• Decrease in neurotransmitters serotonin and GABA activity. Serotonin is responsible for our positive emotional well-being, while GABA helps keep us calm. Reduced levels of estrogen during the luteal phase may ben linked to a drop in serotonin. Lower serotonin levels are associated with irritability, anger, and carbohydrate cravings, all of which are symptoms of PMS. It also appears that GABA receptors are less sensitive than normal, which would explain the increased sense of anxiety.
  • Changes in levels of norepinephrine and epinephrine. These neurotransmitters are involved in the body's stress response. Estrogen may affect the levels of these neurotransmitters, which can influence blood pressure and heart rate as well as mood.

Other possible causes include:

  • Hypoglycemia (low blood sugar)
  • Mercury toxicity
  • Hypothyroidism
  • Candida overgrowth (a fungus)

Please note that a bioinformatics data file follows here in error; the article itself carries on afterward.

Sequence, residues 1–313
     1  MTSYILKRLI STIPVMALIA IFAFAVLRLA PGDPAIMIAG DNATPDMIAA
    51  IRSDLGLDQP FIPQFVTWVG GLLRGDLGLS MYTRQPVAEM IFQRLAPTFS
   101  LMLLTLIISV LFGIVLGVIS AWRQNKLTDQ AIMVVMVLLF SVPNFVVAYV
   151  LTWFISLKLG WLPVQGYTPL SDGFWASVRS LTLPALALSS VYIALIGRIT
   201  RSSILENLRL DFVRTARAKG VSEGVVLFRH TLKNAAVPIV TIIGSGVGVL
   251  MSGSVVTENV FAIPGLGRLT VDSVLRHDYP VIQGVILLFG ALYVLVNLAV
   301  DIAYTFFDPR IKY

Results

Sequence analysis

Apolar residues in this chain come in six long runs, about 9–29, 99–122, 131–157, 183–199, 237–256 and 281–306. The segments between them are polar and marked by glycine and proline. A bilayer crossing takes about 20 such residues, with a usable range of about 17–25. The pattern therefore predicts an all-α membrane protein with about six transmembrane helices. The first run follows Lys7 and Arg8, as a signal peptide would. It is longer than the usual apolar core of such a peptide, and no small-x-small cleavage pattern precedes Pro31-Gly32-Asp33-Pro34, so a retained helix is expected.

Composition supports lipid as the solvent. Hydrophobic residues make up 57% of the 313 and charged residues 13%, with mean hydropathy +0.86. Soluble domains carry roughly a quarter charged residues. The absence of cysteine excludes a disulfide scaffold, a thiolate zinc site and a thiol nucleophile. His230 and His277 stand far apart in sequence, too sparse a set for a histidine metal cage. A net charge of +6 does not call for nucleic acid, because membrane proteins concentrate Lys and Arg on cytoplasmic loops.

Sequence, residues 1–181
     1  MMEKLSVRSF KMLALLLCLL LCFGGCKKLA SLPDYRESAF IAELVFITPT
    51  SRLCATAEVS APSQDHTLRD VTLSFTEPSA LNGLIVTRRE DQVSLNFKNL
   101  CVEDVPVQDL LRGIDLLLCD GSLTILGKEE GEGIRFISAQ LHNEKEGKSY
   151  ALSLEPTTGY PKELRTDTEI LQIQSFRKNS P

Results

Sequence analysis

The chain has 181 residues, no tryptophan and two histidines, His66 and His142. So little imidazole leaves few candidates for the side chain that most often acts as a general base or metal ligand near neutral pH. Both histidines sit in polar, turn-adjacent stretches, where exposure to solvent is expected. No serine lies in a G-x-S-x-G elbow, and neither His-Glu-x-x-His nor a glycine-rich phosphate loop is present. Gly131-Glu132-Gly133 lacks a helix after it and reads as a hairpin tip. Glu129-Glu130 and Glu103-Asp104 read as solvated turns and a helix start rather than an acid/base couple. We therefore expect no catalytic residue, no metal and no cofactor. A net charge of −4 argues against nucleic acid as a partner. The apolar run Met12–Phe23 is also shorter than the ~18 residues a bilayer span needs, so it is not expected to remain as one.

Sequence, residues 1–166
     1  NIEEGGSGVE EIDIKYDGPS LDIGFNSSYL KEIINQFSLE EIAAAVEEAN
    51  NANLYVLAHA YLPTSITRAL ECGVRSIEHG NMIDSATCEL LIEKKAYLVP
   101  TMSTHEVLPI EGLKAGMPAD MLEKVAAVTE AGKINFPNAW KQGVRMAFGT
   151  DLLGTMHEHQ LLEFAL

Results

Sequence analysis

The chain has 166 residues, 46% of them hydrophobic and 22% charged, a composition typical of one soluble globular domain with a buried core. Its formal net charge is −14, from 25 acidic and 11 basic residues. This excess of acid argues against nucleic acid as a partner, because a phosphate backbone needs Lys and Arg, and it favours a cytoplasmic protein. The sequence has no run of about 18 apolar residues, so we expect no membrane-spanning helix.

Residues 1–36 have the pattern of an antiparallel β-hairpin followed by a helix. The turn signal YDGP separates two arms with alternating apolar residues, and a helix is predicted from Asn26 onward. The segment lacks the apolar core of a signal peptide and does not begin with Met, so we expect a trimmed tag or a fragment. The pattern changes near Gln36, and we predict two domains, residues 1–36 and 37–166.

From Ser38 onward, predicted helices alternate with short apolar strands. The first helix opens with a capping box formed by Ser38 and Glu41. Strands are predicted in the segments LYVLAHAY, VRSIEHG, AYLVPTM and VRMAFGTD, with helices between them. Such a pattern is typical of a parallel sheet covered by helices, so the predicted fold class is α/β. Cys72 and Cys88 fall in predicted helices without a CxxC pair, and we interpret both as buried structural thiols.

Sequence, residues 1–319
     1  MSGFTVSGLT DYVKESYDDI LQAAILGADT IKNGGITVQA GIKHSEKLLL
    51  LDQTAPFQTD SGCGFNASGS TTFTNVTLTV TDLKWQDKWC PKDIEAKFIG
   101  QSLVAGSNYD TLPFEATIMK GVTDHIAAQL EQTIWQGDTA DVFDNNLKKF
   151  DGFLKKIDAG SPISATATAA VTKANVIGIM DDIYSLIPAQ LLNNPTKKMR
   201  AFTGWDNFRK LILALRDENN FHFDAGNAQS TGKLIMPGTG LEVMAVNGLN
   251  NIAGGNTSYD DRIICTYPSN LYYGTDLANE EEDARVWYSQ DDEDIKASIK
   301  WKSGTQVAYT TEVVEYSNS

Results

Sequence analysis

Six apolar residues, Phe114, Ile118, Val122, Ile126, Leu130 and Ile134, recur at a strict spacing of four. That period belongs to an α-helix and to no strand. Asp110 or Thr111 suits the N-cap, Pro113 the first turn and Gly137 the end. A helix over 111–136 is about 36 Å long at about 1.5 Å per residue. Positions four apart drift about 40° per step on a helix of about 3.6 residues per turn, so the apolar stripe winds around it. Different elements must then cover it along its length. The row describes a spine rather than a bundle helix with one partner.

• Food allergies/sensitivities
  • Vitamin B6, Calcium or Magnesium deficiencies
  • Inadequate protein intake - liver enzymes that convert female hormones depend on protein
  • Poor liver function - the liver metabolizes one form of estrogen into other forms of estrogen
  • Poor adrenal gland function

No one knows for sure what causes PMS. Some people attribute particular symptoms to increased levels of estrogen and/or progesterone; other people say the same symptom is due to decreased levels of these hormones. Studies routinely produce conflicting results. I believe that the key to eliminating or greatly reducing PMS symptoms lies in the balance between these two hormones during the menstrual cycle.

Learn more about this topic below:

Also, to learn more about Dr. Eva Cwynar, visit her website: www.dreva.com

 

Topics: Magnesium, Vitamin B6, Fatigue, Calcium, PMS, Hormones, Dr. Eva Cwynar